Quebec is undergoing major socio-demographic change. Its population is aging, more rapidly than in the rest of Canada and most OECD countries. In the early 2010s, there were over 4.0 working-age individuals for each senior in Quebec, and over 4.3 in Canada; by 2030-31, this ratio should fall to under 2.5. This population aging will depress economic growth and exert significant pressure on the revenues and expenditures of Canada's and Quebec’s governments. This naturally raises significant concerns over Quebecers’ standards of living, as well as over the health of Canada's and Quebec’s public finances.
The Industrial Alliance Research Chair on the Economics of Demographic Change relies on a collaboration between HEC Montréal, UQAM’s École des sciences de la gestion (management school) and Université Laval’s Faculty of social sciences to advance scientific knowledge and provide decision-makers with useful evidence on economic issues related to demographic change.
- To document and analyze the potential effects of demographic change on standards of living, population health, and public and private finances in Québec and Canada;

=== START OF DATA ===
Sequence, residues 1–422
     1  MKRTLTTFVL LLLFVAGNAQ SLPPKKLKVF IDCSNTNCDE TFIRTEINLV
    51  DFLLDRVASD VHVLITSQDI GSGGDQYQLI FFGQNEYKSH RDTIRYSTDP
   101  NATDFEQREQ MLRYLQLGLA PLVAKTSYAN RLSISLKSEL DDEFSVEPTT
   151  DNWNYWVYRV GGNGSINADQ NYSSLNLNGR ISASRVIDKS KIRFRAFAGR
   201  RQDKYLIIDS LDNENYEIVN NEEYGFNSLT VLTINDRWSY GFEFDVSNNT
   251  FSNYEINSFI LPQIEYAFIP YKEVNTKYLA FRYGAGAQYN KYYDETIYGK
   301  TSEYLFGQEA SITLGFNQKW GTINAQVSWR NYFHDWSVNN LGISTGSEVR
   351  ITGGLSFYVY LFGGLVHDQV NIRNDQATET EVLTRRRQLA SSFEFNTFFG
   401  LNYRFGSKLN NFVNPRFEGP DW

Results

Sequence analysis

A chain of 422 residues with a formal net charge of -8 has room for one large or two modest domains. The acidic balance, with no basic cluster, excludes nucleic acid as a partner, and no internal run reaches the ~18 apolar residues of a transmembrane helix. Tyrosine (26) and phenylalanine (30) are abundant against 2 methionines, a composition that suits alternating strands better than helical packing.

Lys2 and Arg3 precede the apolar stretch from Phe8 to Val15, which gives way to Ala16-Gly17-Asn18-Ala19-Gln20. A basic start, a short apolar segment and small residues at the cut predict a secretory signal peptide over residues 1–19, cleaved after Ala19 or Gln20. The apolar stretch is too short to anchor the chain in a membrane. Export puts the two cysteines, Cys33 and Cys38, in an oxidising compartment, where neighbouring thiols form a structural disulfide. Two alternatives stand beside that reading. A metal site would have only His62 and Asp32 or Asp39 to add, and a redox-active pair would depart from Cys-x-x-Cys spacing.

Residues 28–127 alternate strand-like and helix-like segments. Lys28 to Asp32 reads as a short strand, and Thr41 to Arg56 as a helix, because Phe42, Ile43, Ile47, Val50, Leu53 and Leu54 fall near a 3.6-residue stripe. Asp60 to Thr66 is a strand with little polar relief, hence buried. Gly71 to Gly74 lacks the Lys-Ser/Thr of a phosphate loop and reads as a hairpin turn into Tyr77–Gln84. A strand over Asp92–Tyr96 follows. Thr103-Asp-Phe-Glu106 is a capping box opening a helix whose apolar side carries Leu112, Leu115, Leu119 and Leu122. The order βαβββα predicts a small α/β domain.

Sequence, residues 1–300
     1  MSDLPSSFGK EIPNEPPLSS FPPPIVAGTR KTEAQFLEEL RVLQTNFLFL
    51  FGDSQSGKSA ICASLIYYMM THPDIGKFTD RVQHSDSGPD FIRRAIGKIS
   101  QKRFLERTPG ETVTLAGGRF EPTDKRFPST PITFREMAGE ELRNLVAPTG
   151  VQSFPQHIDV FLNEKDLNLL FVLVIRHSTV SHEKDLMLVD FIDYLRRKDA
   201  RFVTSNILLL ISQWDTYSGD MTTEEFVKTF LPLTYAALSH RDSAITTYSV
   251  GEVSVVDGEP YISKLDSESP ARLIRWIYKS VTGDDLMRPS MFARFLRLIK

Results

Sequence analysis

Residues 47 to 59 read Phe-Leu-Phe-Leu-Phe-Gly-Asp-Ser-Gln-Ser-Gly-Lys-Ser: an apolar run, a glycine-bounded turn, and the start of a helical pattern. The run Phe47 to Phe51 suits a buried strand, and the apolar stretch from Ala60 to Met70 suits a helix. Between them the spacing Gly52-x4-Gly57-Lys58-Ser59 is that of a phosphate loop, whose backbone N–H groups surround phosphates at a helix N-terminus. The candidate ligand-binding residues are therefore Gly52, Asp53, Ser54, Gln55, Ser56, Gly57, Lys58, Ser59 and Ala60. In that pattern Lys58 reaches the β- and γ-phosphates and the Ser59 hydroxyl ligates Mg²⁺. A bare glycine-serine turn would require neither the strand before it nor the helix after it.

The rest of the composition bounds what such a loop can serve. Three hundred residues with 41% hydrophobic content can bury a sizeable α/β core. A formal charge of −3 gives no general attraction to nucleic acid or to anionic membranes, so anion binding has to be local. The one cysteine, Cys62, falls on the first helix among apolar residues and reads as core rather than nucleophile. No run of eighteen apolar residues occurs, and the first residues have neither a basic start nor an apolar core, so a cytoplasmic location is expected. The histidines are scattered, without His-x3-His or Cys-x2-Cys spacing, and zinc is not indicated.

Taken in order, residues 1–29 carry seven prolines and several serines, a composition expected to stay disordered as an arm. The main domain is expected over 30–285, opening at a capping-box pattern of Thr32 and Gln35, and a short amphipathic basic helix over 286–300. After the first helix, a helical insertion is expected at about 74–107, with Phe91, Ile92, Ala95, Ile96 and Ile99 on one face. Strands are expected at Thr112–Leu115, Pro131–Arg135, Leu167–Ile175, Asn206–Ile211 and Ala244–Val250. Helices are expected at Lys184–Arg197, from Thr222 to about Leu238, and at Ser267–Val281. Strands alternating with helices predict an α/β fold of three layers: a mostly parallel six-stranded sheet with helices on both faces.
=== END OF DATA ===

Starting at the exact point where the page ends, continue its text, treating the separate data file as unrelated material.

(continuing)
- To understand the impact of demographic change on behaviour related to work, retirement, savings, use of the healthcare and long-term care systems, and human capital accumulation;
- To contribute to the understanding and formulation of private and public policy to address the negative impacts of demographic change and sustain standards of living and quality of life while ensuring the financial security of citizens and governments.
Under the joint leadership of professors Raquel Fonseca (ESG UQAM), Bernard Fortin (Université Laval) and Pierre-Carl Michaud (HEC Montréal), all CIRANO fellows, the Chair’s work builds upon the expertise of numerous professors whose work in public economics, the economics of human resources and the economics of aging and health are known worldwide for their relevance and rigour.
Among other tools, the Chair’s research program builds upon microsimulation models built by the team that allow for the analysis over several decades of the distribution of living conditions (family, income, wealth, health) and of the nature of some individual behaviours (fertility, migration, work, saving, health care use), and to prospectively simulate their sensitivity to various economic policies and macro-economic and demographic conditions. This unique expertise provides an economically consistent way of understanding and predicting family and individual behaviour, as well as an understanding of their effects on private and social welfare.